# Calculate determinant of unitary matrices based on SVD implementation

I have a real square matrix $$X$$ which I need to perform a Singular Value Decomposition on. Now, performing the operation

$$X = USV^T$$

as $$U$$ and $$V$$ are orthogonal, we know that $$\det(X)=\pm\det(S)$$ and $$\det(S)$$ is non-negative as singular values are non-negative.

Now, I need to know the sign of the determinants of $$U$$ and $$V$$ (which is the same as knowing the determinants, of course). However, the naive approach costs me $$2 O(N^3)$$

I was wondering whether someone knows of a way to either

1. Infer the sign of the determinants of $$U$$ and $$V$$ as a bi-product of the SVD-implementation in numpy,scipy or a similar library in Python, without having to call det(U) and det(V).
2. Calculate the determinant of an orthogonal matrix that is faster than the default implementation of det(U), based on the fact that $$U/V$$ is orthogonal.
• Are you looking for a pure python implementation? There is some potential to infer the determinants as a by product of the svd in numpy, but that library internally calls some Fortran code, and you would have to dig around in that code. Nov 9 '21 at 7:15
• @ThijsSteel I'd be curious to hear about this approach, regardless of its Python purity. Nov 9 '21 at 16:29
• Out of interest, what is this for? Is the determinant of the svd factors commonly used in your field? Nov 10 '21 at 16:54
• @ThijsSteel Technically, I do not need the determinants of the $U$ and $V$-matrices, but a decomposition $X=U'\Sigma'(V^T)'$ where $det(V')=det(U')=1$, $U'$ and $V'$ unitary and $\Sigma'$ diagonal (but it may have negative entries) - so it's a "modified SVD". But by knowing the determinants of $U$ and $V$ in a standard SVD, I know whether or not I need to switch a sign of a column/row in the unitary matrices and $\Sigma$ to get what I need. I work with Quantum Chemistry, and I need this decomposition to calculate the overlap/matrix elements of two nonorthgonal Slater Determinants efficiently. Nov 14 '21 at 15:59
• Very interesting use case. It would surprise me if you managed to get good speedups though. The determinant is usually calculated using the LU factorization. Even though LU's O(n^3) asymptotic cost is the same as the SVD. The LU is usually way way faster. If you're already doing an SVD, optimizing those LU's away won't do that much, but every little bit counts I guess and it was still fun to do. Nov 16 '21 at 9:27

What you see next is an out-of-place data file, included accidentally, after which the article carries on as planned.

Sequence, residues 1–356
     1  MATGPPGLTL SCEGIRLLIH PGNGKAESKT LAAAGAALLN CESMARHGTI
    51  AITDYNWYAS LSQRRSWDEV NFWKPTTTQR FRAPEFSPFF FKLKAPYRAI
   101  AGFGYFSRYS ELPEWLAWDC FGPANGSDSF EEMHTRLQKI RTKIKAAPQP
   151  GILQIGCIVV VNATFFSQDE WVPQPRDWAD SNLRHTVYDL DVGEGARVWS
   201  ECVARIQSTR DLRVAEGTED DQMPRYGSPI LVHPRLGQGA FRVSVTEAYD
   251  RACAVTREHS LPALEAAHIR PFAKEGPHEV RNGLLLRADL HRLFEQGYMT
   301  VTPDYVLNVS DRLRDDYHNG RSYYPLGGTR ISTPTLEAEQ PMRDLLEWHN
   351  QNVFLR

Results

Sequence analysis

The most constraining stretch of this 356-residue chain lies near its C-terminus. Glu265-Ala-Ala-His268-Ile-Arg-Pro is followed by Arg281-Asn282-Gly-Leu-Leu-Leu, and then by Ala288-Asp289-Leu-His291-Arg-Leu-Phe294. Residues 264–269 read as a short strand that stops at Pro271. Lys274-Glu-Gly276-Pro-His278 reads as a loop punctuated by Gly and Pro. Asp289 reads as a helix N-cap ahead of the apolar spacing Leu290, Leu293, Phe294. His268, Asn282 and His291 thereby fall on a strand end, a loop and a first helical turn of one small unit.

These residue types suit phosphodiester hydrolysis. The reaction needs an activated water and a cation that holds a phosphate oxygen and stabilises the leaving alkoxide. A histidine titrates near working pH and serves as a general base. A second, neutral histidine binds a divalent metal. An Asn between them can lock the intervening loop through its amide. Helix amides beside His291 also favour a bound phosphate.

If you are prepared to go digging around in the fortran code:

The SVD algorithm consists of a few parts:

1. Bidiagonalization (usually using Householder reflectors)
2. Use QR shifts to reduce the bidiagonal to diagonal (usually using Givens rotations)
3. Change the sign of any negative diagonal elements and reorder the singular values so the are decreasing.

Notation clarification, I write the SVD as $$A = USV^T$$.

A reflector typically has determinant -1, so applying one will change the sign of the determinant. A small detail, LAPACK sometimes "cheats" and uses a trivial rotation instead of a reflector, this is if a specific column is already reduced. To calculate the determinant after step one, simply count the number of nontrivial reflectors for both $$U$$ and $$V$$. If there are $$k$$ nontrivial reflectors, the determinant is $$(-1)^k$$.

A rotation has determinant 1, so applying one will not change the sign of the determinant. As a consequence, we do not need to take the calculations in step 2 into account.

To change the sign of the diagonal elements, LAPACK multiplies the corresponding column in $$V$$ by $$-1$$, this also changes the sign of the determinant of $$V$$ again. So similarly to the reflectors, we need to count the number of sign changes to get the determinant up to this point.

To reorder the singular values, we also need to reorder both $$U$$ and $$V$$, each swap will change the sign of the determinant. Again, we count the number of swaps.

It is possible that i missed some detail, i'm more familiar with eigenvalue solvers than the specialized svd routine.

• This is a great answer, but possibly not "operative" enough. I'd add something on the lines of "you'll need to manually change the Lapack (Fortran) code and add a further parameter to several functions. This parameter takes the value $\pm 1$. You want to flip its sign every time you apply a Householder reflector (after checking that the reflector is not the trivial one) or normalize eigenvalue blocks". Nov 10 '21 at 7:51
• Good point, i'll add some more details when I have time. Nov 10 '21 at 15:19
• Clever idea! +1 Nov 11 '21 at 2:40

For part 1: To my knowledge, the answer is no.

For part 2: This question had several good answers, all of which were negative (there isn't really a faster way). I don't believe there is meaningful new literature on the topic.